Check Out the “CMA Fest: 50 Years of Fan Fair” Documentary and More
Binge these noteworthy documentaries and online offerings.
For its 50th Anniversary, the Country Music Association debuted “CMA Fest: 50 Years of Fan Fair,” a documentary featuring a ton of artists including Wynonna, Bill Anderson, Dolly Parton, Vince Gill, Patty Loveless, Reba McEntire, Tricia Yearwood, Luke Bryan, Luke Combs, BRELAND, Carly Pearce and Brothers Osborne. For the first 30 years of its history, CMA Fest was known as Fan Fair, hence the title.
It’s nostalgic for me because around 1986, a friend and I sweat buckets in a metal building at the Tennessee State Fairgrounds as co-operators of the fan booth for Opry legend Connie Smith. More than anything, that week grew our love for Miss Connie and increased our appreciation of those diehard working-class fans who saved all year for their annual pilgrimage to Nashville. You can watch the trailer here for this 75-minute documentary.
Here are some additional multimedia ways you grow your appreciation of Nashville and music-making.
Features interviews with Nashville-based writers across genres. It’s must-see TV for aspiring songwriters and those captivated by the creative process of bringing music to life. Watch the trailer here.
Among those who appear: Garth Brooks, Kings of Leon, Keb’ Mo’, Vince Gill, Ben Folds, Brandy Clark, Desmond Child, Gordon Kennedy, Jeffrey Steele, Garth Brooks, Mac McAnally, and Shane McAnally. I highly recommend it.
The documentary is free for Amazon Prime members or you can try this link to the Documentary Channel’s YouTube Channel.
When visiting Nashville, here’s a great resource for live songwriter showcases.
I could be nitpicky about a few stunning omissions in this 8-part series but it is a tremendously satisfying documentary which includes interviews with now-departed legends, jaw-dropping archival discoveries and smile-inducing stories. Interviewees include Marty Stuart, Vince Gill, Garth Brooks, Loretta Lynn, Mel Tillis, Merle Haggard and dozens more. Available through PBS, Amazon and possibly DVDs at your local library.
It’s astonishing that this little cafe’ in a lowly strip mall in suburban Green Hills would launch careers and introduce songs beloved around the world. It’s where Garth Brooks heard “The Dance” and Taylor Swift made her professional debut. Interviewees include Faith Hill, Maren Morris, Kathy Mattea, Jason Isbell, Vince Gill, Kasey Musgraves, and Kathy Mattea. Rent via AppleTV, Vudu, Microsoft, Google Play or iTunes.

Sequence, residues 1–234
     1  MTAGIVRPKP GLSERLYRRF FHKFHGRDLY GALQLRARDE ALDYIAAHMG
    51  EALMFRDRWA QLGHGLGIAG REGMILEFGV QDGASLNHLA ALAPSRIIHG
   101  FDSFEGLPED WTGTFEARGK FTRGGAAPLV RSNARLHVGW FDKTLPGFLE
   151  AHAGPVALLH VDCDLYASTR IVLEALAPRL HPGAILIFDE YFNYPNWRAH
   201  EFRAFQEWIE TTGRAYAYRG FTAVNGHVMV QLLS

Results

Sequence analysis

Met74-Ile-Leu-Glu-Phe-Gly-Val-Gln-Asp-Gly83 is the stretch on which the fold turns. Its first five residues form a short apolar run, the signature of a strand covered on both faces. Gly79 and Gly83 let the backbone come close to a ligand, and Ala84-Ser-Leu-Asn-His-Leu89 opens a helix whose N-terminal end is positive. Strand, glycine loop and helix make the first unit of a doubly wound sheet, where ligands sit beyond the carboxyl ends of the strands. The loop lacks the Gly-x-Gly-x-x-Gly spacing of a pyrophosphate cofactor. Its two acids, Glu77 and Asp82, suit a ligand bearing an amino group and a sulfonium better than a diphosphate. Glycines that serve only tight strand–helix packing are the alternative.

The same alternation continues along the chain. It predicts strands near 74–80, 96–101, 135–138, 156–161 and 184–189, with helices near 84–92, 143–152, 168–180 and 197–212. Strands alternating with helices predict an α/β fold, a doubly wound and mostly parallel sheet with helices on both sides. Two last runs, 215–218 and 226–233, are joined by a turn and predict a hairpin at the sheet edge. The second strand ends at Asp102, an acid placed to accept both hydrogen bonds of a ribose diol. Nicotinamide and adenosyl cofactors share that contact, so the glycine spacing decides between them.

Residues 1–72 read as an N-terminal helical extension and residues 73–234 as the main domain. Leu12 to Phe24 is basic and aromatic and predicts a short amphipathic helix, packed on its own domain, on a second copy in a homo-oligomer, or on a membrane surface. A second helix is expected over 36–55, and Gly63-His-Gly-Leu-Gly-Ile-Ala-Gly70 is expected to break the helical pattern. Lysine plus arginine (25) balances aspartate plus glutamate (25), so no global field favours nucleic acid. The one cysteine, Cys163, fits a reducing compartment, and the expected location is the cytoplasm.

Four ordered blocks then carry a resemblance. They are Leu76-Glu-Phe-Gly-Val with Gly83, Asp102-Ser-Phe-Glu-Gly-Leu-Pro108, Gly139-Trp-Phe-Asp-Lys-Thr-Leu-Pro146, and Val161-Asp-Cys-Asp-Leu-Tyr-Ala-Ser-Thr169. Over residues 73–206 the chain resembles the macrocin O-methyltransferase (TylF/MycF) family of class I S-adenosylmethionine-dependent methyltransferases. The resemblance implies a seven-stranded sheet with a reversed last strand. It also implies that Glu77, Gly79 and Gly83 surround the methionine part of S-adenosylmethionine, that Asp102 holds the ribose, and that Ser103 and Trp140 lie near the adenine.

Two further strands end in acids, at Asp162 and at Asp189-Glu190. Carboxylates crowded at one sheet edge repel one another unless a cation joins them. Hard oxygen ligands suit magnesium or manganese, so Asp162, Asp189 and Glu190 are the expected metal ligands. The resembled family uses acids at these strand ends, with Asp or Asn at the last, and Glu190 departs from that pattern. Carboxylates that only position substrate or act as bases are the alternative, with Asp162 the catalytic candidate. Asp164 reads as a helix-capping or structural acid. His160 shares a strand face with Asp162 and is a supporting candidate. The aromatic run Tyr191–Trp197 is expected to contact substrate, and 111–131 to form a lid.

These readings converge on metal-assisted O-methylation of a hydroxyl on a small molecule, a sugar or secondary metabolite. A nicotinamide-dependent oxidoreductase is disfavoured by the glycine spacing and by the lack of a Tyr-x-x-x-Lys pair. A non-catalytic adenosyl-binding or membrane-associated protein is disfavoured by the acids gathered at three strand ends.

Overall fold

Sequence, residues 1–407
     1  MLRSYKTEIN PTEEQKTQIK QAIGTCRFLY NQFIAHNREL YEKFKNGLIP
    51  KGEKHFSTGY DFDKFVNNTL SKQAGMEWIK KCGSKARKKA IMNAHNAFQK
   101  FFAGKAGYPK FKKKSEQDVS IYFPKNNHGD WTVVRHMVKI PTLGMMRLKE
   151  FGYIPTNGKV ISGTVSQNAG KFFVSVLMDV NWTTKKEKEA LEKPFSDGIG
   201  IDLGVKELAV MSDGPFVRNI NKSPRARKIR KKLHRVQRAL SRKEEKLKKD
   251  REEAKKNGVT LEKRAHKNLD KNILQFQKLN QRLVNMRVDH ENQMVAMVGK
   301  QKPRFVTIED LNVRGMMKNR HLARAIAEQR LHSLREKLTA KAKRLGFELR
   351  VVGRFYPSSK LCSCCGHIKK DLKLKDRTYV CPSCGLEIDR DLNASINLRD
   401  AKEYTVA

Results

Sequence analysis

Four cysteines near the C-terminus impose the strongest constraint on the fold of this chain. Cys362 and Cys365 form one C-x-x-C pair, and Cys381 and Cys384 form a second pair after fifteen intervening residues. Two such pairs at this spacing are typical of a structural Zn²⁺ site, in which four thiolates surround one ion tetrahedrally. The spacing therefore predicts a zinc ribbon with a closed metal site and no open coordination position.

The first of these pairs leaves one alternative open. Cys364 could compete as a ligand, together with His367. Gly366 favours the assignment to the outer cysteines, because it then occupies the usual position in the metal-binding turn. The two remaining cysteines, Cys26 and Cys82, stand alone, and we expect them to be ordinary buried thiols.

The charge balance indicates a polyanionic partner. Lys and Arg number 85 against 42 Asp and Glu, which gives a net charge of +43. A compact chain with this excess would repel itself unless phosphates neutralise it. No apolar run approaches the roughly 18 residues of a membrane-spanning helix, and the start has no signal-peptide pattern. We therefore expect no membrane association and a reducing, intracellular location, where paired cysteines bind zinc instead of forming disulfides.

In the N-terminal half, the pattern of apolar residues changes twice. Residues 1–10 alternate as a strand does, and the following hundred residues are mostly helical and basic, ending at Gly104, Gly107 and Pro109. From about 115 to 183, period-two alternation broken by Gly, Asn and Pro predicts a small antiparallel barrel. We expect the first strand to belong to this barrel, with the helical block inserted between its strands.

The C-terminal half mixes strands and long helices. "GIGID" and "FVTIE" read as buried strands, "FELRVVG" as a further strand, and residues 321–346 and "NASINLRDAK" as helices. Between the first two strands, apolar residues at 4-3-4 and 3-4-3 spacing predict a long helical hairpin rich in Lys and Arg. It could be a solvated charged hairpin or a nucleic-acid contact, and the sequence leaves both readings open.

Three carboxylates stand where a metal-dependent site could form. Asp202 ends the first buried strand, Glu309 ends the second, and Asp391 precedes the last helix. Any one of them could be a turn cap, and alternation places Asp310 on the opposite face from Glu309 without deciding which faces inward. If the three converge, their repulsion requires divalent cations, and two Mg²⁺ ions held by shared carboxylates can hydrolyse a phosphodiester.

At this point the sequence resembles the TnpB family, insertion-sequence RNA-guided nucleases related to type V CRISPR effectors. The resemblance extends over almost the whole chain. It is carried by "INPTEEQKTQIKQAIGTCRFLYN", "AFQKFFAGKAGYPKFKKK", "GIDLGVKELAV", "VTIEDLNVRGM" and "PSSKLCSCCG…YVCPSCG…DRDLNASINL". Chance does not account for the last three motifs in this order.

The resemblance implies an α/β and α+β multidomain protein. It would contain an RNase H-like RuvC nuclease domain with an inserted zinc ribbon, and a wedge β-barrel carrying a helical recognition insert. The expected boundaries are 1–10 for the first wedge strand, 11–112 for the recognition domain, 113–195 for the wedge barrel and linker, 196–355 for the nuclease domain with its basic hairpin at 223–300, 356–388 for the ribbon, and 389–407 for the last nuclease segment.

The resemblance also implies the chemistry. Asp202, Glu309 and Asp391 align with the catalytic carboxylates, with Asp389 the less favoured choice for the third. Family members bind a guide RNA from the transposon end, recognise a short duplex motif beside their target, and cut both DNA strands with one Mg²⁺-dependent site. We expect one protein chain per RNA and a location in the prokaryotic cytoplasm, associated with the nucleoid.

Debuting May 30 on Hulu, Jelly Roll’s “Save Me” documentary gives a warts-and-all accounting of his unlikely rise to stardom with his mix of country, rap and rock. From repeat juvenile offender to hitmaker, it’s the kind of story that shows you it is indeed possible to beat the odds. (The link will take you to the trailer.)
If you’re looking for live music in Nashville that is not exclusively country, consider my recommendations.
Nashville-Based Audio Series
Hear the latest streams from emerging (and sometimes successful) songwriters from their base just south of Broadway. You never know what you might discover.
Broadcasting from Acme Feed and Seed (now transformed into a restaurant/bar on the corner of Broadway and 1st Avenue, S.), this audio outlet breaks new artists with original material and pays tribute to songs of the past. Personally I love that they honor the building’s history where you could have your dog flea-dipped or buy a crate of baby chicks–while changing with the times. You’ll also find some video clips at the website.
Like Americana? Tune for this live radio broadcast from 3rd and Lindsley, one of Nashville’s premier music venues. Each two-hour show brings together four Americana artists in a freewheeling showcase with a live audience. Think NPR’s “Tiny Desk Concert” with a whole herd of appreciative fans.
Got SiriusXM Radio? You’re good to go for this live show coming to you from Jimmy Buffett’s Margaritaville on Lower Broadway (not Music Row). Folks line up hours before the 3pm sign-on never knowing what recording artists might drop by.